Hospital hackers – mitigating hospital cybersecurity risks

8 May 2017



Patient safety is only the beginning of the cybersecurity hazards posed by medical internet-of-things devices. Steve Abrahamson, GE Healthcare’s senior director for product cybersecurity, talks to Eleanor Wilson about the risks of legacy products and the need for open collaboration.


Last year, Johnson & Johnson warned patients that its OneTouch Ping insulin pump could be hacked to change the dosage. It seemed to confirm fears that medical internet-of-things (IoT) devices put patient safety at risk.

While there have been no instances of cybercriminals taking advantage of a bug to harm patients, that’s not to say that the virtual underworld has forgotten healthcare. It has simply identified the most lucrative marks. Most confirmed healthcare cyberattacks target hospitals and clinics with the intent of getting hold of patients’ valuable data and medical records.

Infected with malware that allows them to be remotely controlled, computers and IoT devices become part of botnets that are millions of machines strong. A distributed denial of service (DDOS) attack involves all these devices sending a request to a facility’s servers at the same time, designed to overload the system and bring management to its knees. Networks infected with ransomware – another type of malware – will lock users out to blackmail them into releasing funds or patient data. Following a successful attack on Hollywood Presbyterian Medical Center in California in early 2016, hospitals are emerging as primary targets for ransomware. And then there are the social-engineering methods tried and trusted by hackers since the internet began, like spear-phishing, which coaxes confidential information out of a target by sending emails that look like they come from a trusted address.

Patients can be identified even through indirect routes such as their age, gender and location, and a staff member who clicks on a link in a malicious email can be all it takes to infect a network with malware. Some of this can be prevented with basic measures like changing passwords regularly, securing wireless networks and educating users on security hygiene. Ensuring that each staff member and device only has access to the necessary parts of a network protects against attacks from inside an organisation or through compromised user accounts. 

Part of this protective strategy also involves making sure routers and IoT devices are up to date with the latest security patches. However, says Steve Abrahamson, GE Healthcare’s senior director for product cybersecurity, this is easier said than done. GE Healthcare manufactures IoT medical devices and maintains products from multiple vendors post-market. It provides monitored field service technicians, develops updates for its own software and reviews patches from third-party manufacturers before release.

“You can’t really deal with security issues only at the device level,” he explains. Healthcare facilities often deal with devices from hundreds of different vendors, including patients who supply their own. The network linking a facility’s devices is often just as vulnerable to attack as the devices themselves. GE’s security service teams conduct assessments at the network level for healthcare facilities as well as offering network-monitoring software, which doesn’t need to be familiar with each device’s operating system.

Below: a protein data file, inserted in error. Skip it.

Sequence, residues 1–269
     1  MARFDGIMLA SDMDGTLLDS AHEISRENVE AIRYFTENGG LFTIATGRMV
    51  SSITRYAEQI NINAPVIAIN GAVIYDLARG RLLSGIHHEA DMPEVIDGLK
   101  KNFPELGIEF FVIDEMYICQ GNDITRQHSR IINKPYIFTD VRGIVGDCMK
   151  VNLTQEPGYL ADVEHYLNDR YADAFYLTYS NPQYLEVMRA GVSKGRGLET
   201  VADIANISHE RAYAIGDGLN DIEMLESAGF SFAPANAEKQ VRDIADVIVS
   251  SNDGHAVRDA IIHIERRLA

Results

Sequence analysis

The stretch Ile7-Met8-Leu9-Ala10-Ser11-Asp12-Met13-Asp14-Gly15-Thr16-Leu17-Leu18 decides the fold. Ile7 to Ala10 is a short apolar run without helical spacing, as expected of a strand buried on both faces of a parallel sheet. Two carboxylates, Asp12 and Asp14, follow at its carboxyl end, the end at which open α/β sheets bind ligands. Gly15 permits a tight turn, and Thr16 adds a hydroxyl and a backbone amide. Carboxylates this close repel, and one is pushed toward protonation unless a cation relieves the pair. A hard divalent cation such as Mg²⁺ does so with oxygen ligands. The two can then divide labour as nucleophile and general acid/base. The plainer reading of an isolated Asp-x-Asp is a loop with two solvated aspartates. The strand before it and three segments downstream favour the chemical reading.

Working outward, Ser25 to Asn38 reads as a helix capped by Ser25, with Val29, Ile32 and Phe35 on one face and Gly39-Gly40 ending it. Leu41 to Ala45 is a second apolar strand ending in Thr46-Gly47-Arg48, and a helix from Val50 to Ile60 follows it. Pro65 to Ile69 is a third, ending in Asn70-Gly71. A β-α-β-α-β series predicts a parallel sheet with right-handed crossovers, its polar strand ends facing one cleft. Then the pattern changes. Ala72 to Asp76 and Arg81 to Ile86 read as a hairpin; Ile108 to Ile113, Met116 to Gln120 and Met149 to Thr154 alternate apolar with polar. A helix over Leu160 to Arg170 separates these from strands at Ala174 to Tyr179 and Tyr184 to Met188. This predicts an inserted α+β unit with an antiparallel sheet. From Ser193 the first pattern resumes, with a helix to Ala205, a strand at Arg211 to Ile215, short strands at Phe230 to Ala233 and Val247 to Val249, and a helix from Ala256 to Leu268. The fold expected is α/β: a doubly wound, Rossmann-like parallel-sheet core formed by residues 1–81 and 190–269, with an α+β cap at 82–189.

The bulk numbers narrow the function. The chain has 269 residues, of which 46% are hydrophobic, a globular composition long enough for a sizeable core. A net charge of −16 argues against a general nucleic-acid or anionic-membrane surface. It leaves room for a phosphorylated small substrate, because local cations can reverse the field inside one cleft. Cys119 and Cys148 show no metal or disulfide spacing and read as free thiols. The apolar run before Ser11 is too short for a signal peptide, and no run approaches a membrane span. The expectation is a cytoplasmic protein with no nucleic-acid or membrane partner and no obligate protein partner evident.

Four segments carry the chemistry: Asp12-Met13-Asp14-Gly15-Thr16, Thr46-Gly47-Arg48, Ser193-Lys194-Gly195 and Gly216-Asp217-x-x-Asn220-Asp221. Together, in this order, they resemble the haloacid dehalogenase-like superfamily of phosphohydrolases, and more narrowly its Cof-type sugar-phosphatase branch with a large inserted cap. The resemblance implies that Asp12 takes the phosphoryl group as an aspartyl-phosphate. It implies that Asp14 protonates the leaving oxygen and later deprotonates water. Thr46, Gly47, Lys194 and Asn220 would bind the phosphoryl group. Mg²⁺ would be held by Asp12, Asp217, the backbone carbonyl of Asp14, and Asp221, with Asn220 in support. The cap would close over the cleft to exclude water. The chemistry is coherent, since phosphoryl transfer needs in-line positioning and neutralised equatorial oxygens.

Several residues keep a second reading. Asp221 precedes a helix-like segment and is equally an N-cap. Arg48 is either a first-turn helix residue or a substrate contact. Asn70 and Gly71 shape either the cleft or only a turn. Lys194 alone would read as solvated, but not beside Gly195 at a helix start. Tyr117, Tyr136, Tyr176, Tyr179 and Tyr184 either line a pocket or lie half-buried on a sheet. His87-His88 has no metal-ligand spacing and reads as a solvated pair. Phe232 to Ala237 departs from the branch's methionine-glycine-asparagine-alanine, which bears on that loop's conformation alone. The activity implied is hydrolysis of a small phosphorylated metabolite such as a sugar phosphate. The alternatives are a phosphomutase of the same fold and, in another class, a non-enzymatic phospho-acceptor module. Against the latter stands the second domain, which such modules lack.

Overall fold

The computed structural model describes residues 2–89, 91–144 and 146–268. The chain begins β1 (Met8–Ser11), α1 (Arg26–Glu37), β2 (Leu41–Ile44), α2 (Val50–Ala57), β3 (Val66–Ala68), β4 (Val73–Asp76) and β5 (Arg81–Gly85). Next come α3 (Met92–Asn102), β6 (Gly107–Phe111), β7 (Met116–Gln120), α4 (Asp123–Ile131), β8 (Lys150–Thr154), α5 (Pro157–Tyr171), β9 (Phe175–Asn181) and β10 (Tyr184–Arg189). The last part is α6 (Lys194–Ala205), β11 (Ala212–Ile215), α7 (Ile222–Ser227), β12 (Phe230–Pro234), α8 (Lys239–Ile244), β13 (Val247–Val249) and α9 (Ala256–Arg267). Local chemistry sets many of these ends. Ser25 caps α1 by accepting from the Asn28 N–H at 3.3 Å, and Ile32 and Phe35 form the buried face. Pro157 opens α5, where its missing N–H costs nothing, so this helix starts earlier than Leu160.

The network linking a facility’s devices is often just as vulnerable to attack as the devices themselves.

To compound the issue, security has been an afterthought for many manufacturers in the rush to get into the medical IoT game. It may be a hot topic now, but Abrahamson says it was barely on the radar when he started in the medical device security field six years ago.

“The real issue that we have is lack of implementation of design practices and standards for security within medical devices. There are devices out there that could be ten, 15, 20 years old, for which we’re going to have very limited ability to apply technical fixes. It’s really hard to patch and update those because they were not designed to be regularly updated,” he explains.

Collective security

When Apple, Microsoft or Google identify a security bug in your smartphone, their engineers can create a patch and push it to all their network-connected users. You get a notification, tap ‘OK’ and the bug is fixed. This is partly because the ability to update is built into a smartphone’s operating system but also because their patches don’t need to undergo the extreme QA process required for medical devices in order to ensure patient safety. Although security updates don’t require FDA approval, they must go through a stringent internal review process. Often, the patient is then asked to come in and have the patch installed by a qualified technician.

Although larger manufacturers have now taken steps to improve the security of their products, smaller players and start-ups may lack the resources or experience to do the same. The usual IT standards for QA and security can’t always be applied to medical devices when patient safety is at stake. Patient safety, in fact, requires so much focus during the development process that cybersecurity may be left by the wayside entirely. Those manufacturers’ customers in the healthcare world have also historically prioritised safety, as well as cost-effectiveness. In Abrahamson’s view, this state of affairs is on its way out, but the battle will eventually be won by collaboration – not technical know-how.

“[Cybersecurity] is getting a pretty high level of attention within our customer base,” he says. “We work with them to make sure that we have their needs baked into our design and support practices, and they also have a good understanding of some of the things that we can and cannot do.”